Archive for the 'Software Engineering' Category

Grumpy about Textbooks

September 20, 2016

I definitely need to do more research but I don’t feel that there is a really solid textbook on software engineering. I use Steve McConnell’s Code Complete (second edition) and Making Software for readings.

These are both pretty good. Code Complete is a bible for many people (not for me!) but regardless it’s definitely on a “you should read this if you are a software engineer” list. It has a few problems though:

  1. It’s not written with courses in mind, as far as I can tell. It introduces a lot of stuff and sometimes in a helpful order, but other times not. The “learning objects” are not clear at all.
  2. It’s not super well written. You get a lot of interesting lists (e.g., of program qualities) but they are often not coherent, have some redundancies, are are perfunctorily designed. These often feel revelatory on a first read but if you try to work with them you get a bit grumpy. For example, we have 4 kinds of tests: unit, component, integration, and system. Unit and component test bits of the same size: a unit. The difference is whether the unit is maintained by one team (thus a unit test) or more than one team (a component test). This is bonkers. It’s esp. bonkers to compare with integration or system tests. It could be part of an interesting axis (who’s the owner vs. who’s writing the tests). But there are much better frameworks out there.
  3. It’s a bit dated. The second edition came out in 2004 and is thus 12 years old. This doesn’t invalidate it per se, but given that the book itself has a prominent discussion of the need for life long learning because the fundamentals of software engineering keep changing, it’s a problem. I’d prefer something other than Basic as the “other” example language.
  4. It pretends to focus on code construction, but has just enough architecture, etc. to be almost a reasonably complete text. But the scattershot approach is a bit disorienting.

If you read it cover to cover and absorbed it all with an appropriately skeptical eye and organised it appropriately, then you’d be in great shape.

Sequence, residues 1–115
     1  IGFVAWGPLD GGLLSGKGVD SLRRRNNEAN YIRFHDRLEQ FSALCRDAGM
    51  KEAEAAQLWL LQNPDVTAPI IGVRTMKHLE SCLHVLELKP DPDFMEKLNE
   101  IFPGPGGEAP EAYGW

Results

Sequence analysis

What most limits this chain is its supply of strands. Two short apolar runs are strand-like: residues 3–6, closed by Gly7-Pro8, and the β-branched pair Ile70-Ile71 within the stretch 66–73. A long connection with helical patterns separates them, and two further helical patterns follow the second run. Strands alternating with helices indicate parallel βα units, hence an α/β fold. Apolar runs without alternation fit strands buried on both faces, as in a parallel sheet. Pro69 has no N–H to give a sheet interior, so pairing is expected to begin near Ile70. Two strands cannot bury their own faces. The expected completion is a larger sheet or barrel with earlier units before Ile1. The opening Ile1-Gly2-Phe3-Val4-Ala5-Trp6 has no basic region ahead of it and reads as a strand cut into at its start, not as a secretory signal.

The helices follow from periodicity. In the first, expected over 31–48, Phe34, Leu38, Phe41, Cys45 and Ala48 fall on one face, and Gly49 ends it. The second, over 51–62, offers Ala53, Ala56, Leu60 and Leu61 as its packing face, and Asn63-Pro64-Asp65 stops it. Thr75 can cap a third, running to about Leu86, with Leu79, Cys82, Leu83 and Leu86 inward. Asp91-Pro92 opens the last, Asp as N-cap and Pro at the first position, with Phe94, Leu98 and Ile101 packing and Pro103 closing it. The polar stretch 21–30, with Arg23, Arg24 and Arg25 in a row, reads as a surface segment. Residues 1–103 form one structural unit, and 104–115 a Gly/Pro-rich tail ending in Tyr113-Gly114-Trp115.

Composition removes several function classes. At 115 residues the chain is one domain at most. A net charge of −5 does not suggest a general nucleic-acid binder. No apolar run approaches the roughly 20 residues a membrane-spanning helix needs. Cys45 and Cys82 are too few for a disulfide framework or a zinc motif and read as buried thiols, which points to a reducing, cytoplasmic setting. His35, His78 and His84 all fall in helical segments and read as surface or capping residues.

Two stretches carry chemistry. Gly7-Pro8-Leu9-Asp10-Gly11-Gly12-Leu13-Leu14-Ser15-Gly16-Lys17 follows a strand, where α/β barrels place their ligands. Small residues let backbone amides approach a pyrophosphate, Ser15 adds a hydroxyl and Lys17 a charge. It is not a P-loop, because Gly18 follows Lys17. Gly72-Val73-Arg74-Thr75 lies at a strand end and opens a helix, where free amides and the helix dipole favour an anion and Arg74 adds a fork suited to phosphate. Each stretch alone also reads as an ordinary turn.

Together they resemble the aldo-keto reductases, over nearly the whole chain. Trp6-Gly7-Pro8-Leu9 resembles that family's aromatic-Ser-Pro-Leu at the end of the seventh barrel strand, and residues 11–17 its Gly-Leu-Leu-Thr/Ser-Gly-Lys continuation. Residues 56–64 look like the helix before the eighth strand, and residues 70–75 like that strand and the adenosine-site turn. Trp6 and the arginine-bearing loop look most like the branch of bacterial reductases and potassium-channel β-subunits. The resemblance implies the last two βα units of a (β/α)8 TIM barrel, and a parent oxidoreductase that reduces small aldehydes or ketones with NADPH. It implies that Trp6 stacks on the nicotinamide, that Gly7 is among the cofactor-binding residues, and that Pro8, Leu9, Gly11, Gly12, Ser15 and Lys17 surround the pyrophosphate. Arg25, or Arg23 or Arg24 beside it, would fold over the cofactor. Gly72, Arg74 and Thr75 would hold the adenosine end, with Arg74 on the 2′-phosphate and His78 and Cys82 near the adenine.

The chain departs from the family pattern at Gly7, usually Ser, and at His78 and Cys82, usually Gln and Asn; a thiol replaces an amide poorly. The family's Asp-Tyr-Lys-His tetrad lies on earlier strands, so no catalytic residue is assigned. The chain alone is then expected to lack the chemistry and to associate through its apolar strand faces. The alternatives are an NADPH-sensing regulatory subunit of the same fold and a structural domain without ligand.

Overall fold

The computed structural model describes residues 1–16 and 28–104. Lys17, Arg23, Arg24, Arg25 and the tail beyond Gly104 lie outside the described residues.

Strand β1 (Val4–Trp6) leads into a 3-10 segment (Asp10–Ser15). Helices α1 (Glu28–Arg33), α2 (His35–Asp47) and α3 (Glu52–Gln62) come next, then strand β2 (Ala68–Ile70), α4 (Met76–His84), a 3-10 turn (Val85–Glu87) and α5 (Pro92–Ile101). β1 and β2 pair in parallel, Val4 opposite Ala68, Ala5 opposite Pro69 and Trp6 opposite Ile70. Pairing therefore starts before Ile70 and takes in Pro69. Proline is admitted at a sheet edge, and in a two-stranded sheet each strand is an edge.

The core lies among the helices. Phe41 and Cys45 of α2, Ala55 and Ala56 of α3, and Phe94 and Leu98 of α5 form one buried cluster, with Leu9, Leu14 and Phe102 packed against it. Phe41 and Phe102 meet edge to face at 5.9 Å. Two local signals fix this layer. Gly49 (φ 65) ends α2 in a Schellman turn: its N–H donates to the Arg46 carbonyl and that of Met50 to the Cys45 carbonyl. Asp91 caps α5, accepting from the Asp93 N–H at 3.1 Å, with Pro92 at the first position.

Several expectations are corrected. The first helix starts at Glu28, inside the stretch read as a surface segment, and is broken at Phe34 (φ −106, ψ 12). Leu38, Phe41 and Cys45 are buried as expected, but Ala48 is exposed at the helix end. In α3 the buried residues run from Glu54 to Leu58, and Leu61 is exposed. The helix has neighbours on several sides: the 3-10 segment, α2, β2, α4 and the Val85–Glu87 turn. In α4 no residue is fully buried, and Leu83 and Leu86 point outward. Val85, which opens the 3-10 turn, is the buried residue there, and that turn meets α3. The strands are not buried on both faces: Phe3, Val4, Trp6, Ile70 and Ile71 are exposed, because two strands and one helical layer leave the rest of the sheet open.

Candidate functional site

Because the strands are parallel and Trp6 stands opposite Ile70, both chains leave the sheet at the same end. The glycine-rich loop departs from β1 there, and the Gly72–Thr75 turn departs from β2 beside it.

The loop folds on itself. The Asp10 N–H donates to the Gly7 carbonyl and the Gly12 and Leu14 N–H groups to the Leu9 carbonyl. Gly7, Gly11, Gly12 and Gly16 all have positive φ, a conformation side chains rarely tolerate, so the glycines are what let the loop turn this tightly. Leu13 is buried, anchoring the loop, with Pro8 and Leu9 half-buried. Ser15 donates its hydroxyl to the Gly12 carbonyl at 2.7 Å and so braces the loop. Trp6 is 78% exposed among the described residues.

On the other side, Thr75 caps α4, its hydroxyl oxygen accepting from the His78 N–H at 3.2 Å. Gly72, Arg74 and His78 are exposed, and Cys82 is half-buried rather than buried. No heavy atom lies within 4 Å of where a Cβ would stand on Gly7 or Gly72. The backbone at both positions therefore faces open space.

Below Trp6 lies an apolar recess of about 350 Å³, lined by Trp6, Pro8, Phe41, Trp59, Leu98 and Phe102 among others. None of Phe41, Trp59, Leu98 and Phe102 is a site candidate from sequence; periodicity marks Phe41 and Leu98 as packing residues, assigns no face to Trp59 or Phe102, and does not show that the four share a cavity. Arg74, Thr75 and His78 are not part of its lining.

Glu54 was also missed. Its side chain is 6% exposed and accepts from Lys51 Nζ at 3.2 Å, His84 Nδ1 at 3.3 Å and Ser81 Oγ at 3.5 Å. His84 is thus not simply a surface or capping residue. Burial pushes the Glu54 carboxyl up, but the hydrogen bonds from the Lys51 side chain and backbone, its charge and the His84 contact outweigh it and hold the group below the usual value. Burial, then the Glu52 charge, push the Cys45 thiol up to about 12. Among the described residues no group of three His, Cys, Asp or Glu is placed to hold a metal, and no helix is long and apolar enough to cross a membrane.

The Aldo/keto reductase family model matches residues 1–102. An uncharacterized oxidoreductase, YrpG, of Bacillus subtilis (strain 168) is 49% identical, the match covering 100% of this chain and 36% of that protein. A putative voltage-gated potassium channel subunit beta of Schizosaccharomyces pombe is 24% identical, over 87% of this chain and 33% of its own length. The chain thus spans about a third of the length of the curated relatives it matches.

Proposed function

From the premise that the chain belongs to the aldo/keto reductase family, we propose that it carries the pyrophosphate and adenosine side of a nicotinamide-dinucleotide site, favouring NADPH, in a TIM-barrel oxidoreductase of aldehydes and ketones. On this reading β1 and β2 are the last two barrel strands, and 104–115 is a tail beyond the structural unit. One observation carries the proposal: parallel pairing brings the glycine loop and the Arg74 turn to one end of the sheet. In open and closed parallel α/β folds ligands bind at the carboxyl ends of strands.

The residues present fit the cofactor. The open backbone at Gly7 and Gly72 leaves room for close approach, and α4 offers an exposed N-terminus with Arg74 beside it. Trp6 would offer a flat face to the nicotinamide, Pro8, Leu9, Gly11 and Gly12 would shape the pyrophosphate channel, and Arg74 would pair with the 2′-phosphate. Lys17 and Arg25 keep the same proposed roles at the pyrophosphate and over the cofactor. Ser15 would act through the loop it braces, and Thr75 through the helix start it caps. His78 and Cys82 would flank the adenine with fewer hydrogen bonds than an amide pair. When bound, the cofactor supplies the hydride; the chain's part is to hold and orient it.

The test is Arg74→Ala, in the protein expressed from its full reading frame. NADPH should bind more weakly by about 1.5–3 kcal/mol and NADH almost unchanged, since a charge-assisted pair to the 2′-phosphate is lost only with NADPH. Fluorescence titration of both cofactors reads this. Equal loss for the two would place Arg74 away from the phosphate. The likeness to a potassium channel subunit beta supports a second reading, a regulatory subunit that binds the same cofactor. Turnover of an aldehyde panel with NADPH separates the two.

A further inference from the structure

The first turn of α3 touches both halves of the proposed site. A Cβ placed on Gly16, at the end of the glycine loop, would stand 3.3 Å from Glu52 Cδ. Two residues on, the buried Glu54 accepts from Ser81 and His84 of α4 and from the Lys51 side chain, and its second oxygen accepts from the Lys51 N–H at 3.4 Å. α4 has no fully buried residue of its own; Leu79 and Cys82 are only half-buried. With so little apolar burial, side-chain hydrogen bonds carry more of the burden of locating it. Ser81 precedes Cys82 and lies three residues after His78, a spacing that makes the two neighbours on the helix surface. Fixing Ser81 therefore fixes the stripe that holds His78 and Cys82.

My pal Mark suggested reoriented on The Pragmatic Programmer, which is another classic and definitely on the must read list. But a lot of my concerns apply to it too. (That there’s a basic divide between those pushing Code Complete and those pushing the Pragmatic Programmer is interesting. The lines I’ve seen is that Code Complete aspires to be encyclopaedic and the Pragmatic Programmer is more opinionated and thus effective. Roughly. They both feel scattered to me.)

I could try both (not this year!). I could go with Pragmatic Programmer because it’s smaller and thus they could possibly read the whole thing.

But neither feel satisfactory as a textbook. The systematicity and pedagogic logic just don’t seem to be there. So I’m left imposing some order on them.

APIs on the Web Platform

January 26, 2016

blog post about Microsoft Edge (their new browser) contains an extraordinary tidbit. They are talking about compatibility with other browsers and one metric is “shared APIs”. Then they have this nifty little table:

Google Chrome 48 Apple Safari 9
Internet Explorer 11 4076 shared APIs 3769 shared APIs
EdgeHTML 13 4724 shared APIs (+16%) 4157 shared APIs (+10%)

Ok, clear improvement, but what’s staggering is the sheer number of APIs to share!!!

Is there even a list of these APIs publicly available?! And 4724 needs to be regarded as a lower bound on the number of APIs (even standard APIs)! One of the comments complains about lack of RSS support! So even very common APIs didn’t make it in yet.

The web platform is extraordinarily complex.

I am practicing British understatement.